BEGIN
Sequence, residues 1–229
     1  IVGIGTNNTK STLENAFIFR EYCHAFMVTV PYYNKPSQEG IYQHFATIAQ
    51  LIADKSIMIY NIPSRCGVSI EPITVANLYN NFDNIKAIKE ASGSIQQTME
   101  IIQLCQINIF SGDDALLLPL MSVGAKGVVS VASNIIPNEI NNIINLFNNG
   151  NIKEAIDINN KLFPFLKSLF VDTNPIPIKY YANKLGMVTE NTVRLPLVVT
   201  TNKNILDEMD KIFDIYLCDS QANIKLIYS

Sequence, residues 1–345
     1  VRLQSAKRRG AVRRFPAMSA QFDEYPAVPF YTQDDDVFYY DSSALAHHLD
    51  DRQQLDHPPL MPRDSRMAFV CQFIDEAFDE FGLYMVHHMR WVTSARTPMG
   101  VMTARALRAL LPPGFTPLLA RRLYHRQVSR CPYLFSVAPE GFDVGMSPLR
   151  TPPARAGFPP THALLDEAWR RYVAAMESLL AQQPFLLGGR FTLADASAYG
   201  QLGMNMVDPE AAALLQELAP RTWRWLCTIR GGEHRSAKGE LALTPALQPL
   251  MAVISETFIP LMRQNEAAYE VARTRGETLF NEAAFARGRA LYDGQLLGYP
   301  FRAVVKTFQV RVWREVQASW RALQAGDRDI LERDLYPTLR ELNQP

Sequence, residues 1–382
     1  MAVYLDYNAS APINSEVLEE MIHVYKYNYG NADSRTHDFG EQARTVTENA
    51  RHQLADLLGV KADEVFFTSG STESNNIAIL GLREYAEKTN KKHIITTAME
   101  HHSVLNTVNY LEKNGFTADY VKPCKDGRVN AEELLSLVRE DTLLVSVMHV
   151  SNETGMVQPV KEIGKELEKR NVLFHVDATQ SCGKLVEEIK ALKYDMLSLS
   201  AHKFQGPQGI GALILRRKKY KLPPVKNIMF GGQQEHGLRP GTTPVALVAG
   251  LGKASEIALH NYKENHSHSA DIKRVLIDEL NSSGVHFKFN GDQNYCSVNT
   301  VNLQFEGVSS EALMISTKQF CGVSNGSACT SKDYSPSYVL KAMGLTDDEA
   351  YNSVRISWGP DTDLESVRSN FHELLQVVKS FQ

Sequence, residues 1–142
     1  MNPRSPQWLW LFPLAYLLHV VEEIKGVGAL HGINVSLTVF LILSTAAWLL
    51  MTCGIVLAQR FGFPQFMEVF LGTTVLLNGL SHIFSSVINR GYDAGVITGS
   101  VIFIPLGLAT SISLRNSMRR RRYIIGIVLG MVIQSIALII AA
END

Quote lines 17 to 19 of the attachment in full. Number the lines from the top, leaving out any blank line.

    51  RHQLADLLGV KADEVFFTSG STESNNIAIL GLREYAEKTN KKHIITTAME
   101  HHSVLNTVNY LEKNGFTADY VKPCKDGRVN AEELLSLVRE DTLLVSVMHV
   151  SNETGMVQPV KEIGKELEKR NVLFHVDATQ SCGKLVEEIK ALKYDMLSLS